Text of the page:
Science fiction continues to be a fascinating narrative genre due to its continuously proliferating subgenres and the devotion of its passionate fan community. Christine Cornea says:
‘Science fiction is caught between that which exists outside of the laws of a known world and that which might be read as a logical extension of the known world’.
This enables it to be a creative outlet that persistently produces highly imaginative and original works of film, fiction and television. Ridley Scott’s Blade Runner is one such piece of cinema that has gained cult status due to its depiction of a postmodern dystopian future. By detailing the social context of its 1982 release, I will go on to examine how these themes are presented in Scott’s dystopia. This will be characterized by analysis of the cityscape, technology and gender, whilst also exploring how the film compares and contrasts with other science fiction texts.
Blade Runner was released in 1982, five years after Star Wars and the same year as E.T.: The Extra Terrestrial. Such films had renewed an interest in science fiction as well as reaping the benefits of a new found summer audience that was initially targeted by Jaws in 1975. These years were a time of social anxiety, as America felt threatened by communism in the Soviet Union and the increasing technological advancement of Japan. Greedy multinational corporations were expanding and there was a new awareness of environmental issues such as pollution. These new blockbusters provided escapism from these aspects of everyday life. Lincoln Geraghty and Rebecca Janicker say:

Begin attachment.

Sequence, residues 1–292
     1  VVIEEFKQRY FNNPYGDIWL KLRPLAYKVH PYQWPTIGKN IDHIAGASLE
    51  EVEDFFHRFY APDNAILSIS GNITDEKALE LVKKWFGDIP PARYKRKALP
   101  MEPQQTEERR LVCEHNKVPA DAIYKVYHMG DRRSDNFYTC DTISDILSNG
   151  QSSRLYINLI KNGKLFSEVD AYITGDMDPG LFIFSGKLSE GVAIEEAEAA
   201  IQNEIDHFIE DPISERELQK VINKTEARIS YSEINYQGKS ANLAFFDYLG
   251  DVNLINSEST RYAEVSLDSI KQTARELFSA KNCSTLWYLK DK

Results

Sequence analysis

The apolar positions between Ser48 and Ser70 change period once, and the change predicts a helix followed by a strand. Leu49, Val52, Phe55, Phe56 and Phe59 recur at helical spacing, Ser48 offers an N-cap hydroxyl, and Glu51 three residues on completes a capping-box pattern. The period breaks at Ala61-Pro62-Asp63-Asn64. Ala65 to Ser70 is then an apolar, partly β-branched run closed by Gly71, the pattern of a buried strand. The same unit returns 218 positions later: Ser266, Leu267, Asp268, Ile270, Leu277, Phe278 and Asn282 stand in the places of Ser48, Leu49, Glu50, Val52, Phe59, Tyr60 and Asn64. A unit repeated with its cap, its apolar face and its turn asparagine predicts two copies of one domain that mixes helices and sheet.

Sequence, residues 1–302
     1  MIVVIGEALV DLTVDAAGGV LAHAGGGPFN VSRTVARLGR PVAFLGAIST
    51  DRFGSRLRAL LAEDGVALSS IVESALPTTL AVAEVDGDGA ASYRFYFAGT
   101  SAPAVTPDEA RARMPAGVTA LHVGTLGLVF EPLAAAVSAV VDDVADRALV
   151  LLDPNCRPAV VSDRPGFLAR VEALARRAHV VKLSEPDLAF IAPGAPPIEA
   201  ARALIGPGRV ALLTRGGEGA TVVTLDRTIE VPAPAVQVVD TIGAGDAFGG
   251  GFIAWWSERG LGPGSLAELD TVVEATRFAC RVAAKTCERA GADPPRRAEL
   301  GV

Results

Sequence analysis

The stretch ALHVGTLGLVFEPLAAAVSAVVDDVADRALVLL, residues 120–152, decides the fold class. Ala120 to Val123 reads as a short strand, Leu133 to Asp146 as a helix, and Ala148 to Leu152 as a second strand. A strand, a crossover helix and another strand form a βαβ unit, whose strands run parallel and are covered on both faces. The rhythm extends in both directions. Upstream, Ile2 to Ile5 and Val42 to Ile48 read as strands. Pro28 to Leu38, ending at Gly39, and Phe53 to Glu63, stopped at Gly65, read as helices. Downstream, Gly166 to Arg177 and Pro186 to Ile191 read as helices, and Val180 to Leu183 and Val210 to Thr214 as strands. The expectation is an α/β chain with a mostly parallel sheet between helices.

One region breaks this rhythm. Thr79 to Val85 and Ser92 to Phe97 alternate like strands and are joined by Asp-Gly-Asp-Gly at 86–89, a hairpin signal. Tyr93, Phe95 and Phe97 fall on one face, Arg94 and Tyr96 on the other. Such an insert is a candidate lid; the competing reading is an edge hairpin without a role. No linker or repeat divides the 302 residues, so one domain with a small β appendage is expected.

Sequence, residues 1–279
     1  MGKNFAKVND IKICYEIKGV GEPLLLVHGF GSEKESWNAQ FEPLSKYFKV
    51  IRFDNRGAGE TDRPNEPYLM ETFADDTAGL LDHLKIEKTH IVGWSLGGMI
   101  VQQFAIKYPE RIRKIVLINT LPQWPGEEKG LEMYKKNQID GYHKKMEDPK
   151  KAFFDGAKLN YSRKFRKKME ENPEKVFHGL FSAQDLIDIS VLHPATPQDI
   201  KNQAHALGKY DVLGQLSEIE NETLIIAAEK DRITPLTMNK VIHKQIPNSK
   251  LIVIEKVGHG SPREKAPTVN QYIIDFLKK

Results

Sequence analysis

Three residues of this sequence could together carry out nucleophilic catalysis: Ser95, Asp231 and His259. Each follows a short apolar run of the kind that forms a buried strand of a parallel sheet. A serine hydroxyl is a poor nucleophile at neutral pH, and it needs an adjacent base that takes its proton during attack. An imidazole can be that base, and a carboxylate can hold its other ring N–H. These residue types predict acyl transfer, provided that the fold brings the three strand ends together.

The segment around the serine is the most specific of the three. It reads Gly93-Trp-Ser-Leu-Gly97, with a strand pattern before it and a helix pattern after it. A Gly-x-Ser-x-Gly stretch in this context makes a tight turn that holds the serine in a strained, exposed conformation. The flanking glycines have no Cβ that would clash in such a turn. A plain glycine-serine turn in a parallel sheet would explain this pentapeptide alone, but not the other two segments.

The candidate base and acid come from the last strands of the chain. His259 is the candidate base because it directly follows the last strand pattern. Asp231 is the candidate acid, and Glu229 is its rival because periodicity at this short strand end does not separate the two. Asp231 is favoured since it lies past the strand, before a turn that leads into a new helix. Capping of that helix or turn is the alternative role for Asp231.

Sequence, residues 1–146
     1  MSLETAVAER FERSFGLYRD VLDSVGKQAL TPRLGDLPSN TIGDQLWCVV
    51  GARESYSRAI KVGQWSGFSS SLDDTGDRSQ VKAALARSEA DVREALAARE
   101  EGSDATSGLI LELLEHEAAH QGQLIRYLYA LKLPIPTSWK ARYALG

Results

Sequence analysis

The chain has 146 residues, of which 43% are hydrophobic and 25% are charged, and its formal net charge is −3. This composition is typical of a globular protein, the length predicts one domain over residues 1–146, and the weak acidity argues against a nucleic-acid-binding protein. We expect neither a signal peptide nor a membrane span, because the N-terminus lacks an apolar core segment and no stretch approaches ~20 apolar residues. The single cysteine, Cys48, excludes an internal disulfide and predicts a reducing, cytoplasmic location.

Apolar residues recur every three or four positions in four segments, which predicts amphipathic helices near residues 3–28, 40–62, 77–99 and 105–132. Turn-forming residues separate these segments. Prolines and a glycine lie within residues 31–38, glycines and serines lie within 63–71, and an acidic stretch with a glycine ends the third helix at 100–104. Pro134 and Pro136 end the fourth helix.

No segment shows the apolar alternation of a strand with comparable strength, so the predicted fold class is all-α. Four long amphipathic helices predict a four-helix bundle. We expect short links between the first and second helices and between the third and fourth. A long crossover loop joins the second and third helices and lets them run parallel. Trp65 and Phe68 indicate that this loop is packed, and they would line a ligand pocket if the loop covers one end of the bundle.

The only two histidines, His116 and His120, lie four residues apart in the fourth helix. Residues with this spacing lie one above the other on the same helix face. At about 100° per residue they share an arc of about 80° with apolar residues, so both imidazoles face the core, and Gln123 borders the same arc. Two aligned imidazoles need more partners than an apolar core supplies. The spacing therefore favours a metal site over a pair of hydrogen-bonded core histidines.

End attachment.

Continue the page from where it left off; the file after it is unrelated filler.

The look and feel of these new movies were a change from the bleak futuristic worlds in the previous period…and they suggested that the social problems of the decade could be solved. Many conveyed a vision of hope, in which — with a little help from our extra-terrestrial friends — the future might become a technological paradise complete with world peace.
The feel good factors of these films were a stark contrast to the doom and gloom of Blade Runner. Although the film was originally released in 1982, there have been many different versions produced since then. This essay will focus on 2007’s Blade Runner: The Final Cut, however may at times make reference to other versions. Based on Philip K. Dick’s novel Do Androids Dream of Electric Sheep, Scott’s film stars Harrison Ford as Deckard, a retired cop who is hired as a ‘blade runner’ to track down and kill a group of ‘replicants’ which have escaped from the off-world colonies and are living on earth illegally. Replicants are synthetic people created to serve humans, and will be discussed further later on in relation to technology. To begin with, in Part 2, I shall look at the Los Angeles setting and how it helps to create the film’s dystopia.
 Christine Cornea, Science Fiction Cinema: Between Fantasy and Reality (Edinburgh: Edinburgh University Press, 2007), p. 4.
Lincoln Geraghty and Rebecca Janicker, ‘“Now That’s What I Call a Close Encounter!”: The Role of the Alien in Science Fiction Film, 1977-2001’, Scope: an online journal of film & TV studies, November 2004 (2004) <http://www.scope.nottingham.ac.uk/article.php?issue=nov2004&id=254§ion=article&q=psychoanalysis> [accessed 21March 2012] (para. 5 of 32).